MORE CHOICE: Woolworths’ discount ‘Odd Bunch’ fruit and vegetable line has been welcomed by nutritionalists and industry groups.
MORE CHOICE: Woolworths’ discount ‘Odd Bunch’ fruit and vegetable line has been welcomed by nutritionalists and industry groups. Bev Lacey

'Odd bunch' sales could cause pain for fruit and veg growers

FRUIT and vegetable grower advocate Growcom says the move by Woolworths to sell "odd bunch" imperfect fruit and vegetables is important for reducing food wastage but could cause pain for some growers.

"We shouldn't be rejecting food on the basis of what it looks like," Growcom CEO Alex Livingstone said.

"There can be significant amounts of wastage which does not meet that visual standard.

"It doesn't mean the crop is bad, it means that nature has made that product (look) different."

He said Sunshine Coast and hinterland farmers, such as strawberry and avocado growers, were already selling into oversupplied markets and there was a risk the additional produce would push prices down.

"If this campaign works, on the one side it is a good thing because waste will be reduced, but there would certainly be some casualties along the way because you would have a lot more supply on the market," he said.

"Farmers make a very small return as it is, so the more product there is on the market the lower the price will go."

RELATED: Odd-shaped fruit and vegies add up to big savings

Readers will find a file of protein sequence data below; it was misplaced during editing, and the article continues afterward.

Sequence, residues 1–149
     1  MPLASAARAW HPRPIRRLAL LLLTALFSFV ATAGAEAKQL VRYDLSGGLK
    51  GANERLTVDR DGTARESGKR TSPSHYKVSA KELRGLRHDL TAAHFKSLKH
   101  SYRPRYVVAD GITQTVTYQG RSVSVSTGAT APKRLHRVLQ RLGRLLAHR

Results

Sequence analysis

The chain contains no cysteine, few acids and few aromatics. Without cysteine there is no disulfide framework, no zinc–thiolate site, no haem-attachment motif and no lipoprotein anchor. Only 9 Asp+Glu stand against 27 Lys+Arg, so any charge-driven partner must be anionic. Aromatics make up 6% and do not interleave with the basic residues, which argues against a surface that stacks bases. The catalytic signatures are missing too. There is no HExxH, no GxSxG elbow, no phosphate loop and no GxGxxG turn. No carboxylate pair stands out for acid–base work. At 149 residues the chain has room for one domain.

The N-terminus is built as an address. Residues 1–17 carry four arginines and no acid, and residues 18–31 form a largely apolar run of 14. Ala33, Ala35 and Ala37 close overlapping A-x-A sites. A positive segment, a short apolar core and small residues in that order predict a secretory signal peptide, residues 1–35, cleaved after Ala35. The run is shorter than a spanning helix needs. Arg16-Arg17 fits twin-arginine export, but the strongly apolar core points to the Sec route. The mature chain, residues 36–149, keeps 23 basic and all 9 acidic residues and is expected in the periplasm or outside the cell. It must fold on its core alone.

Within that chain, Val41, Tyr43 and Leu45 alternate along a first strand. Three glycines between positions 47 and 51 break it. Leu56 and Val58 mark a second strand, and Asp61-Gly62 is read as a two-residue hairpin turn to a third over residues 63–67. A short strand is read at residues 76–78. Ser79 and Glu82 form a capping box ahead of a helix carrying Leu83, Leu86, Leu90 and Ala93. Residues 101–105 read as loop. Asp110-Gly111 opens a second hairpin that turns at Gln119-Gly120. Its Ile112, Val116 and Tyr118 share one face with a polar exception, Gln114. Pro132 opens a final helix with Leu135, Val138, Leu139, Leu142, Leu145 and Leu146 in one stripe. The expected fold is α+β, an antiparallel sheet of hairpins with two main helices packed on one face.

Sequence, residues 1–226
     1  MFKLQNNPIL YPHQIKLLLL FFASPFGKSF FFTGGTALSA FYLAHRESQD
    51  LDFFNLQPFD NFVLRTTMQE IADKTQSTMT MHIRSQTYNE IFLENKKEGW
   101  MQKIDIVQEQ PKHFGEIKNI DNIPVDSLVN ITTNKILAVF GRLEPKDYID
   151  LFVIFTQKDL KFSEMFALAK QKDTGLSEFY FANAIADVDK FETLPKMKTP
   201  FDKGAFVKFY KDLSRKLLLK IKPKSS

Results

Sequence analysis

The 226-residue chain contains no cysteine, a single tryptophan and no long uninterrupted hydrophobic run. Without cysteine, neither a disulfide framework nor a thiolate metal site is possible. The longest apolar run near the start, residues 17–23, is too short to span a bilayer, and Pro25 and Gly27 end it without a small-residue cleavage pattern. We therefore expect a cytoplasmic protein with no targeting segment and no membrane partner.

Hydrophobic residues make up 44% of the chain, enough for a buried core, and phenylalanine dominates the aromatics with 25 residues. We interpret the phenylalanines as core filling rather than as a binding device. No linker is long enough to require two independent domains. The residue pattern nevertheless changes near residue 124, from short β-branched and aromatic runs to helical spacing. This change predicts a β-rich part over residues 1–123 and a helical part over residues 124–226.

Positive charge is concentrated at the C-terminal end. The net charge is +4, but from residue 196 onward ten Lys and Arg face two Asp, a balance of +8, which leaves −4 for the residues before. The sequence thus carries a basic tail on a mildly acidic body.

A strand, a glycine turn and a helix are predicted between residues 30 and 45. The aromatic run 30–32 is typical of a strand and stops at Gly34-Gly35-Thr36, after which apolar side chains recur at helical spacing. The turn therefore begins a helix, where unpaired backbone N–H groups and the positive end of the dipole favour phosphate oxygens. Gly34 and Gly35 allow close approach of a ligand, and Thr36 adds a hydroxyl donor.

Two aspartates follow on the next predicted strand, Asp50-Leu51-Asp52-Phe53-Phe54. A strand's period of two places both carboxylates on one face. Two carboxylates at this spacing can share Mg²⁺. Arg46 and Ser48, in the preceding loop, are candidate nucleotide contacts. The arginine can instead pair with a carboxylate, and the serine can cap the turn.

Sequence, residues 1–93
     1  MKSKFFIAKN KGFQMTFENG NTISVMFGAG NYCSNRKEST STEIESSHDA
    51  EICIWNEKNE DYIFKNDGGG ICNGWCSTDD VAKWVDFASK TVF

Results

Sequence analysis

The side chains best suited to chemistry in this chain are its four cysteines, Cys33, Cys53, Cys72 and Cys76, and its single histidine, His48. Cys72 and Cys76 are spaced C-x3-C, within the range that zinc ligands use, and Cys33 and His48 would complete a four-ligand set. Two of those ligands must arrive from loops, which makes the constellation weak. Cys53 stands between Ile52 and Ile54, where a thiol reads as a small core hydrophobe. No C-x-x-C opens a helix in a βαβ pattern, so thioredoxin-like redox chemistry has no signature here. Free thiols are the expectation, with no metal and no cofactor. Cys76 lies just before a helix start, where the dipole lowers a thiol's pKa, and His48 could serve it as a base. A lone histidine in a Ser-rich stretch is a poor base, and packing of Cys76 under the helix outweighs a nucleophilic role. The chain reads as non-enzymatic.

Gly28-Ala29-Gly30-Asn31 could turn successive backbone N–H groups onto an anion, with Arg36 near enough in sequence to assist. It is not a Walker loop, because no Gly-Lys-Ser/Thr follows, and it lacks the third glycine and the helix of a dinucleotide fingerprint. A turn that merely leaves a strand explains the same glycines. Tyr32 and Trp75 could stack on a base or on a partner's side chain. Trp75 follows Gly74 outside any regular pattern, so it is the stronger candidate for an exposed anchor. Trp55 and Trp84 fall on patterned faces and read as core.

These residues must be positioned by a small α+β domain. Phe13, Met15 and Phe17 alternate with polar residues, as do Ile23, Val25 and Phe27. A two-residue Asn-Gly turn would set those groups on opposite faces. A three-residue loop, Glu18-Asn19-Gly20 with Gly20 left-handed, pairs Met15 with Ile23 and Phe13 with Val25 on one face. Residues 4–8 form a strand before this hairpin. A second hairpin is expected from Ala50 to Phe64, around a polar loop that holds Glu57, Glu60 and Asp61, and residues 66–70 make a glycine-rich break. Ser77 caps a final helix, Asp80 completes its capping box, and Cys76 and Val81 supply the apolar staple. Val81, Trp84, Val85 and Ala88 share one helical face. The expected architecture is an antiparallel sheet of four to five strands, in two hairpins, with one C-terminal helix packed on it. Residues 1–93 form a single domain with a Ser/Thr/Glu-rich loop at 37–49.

Woolworths' discount "Odd Bunch" fruit and vegetable line was welcomed by farmers, nutritionalists and industry groups last week.

As Coast residents tighten their purse strings over the festive season, the discount range, with its "Peculiar Parsnips", "Blemished Beetroots" and "Motley Mangoes", could be a welcome addition to shoppers' trolleys.

"Customers love the great price and farmers love being able to sell more of their crop," the Woolworths spokesperson said.

"It means our customers can buy fantastic cheap produce, with some minor imperfections, that still tastes great."

Kawana and Noosa farmers markets co-ordinator Shane Stanley said farmers would prefer all high grade, quality fruit and vegetables to be sold at the same price.

"The farmer's ideal is that all fruit - marked and not - is sold the same," he said.

"It still costs the same to produce that fruit."

Woolworths was the first supermarket to launch a national campaign for the sale of imperfect fruit and vegetables, the Woolworths spokesperson said.
 


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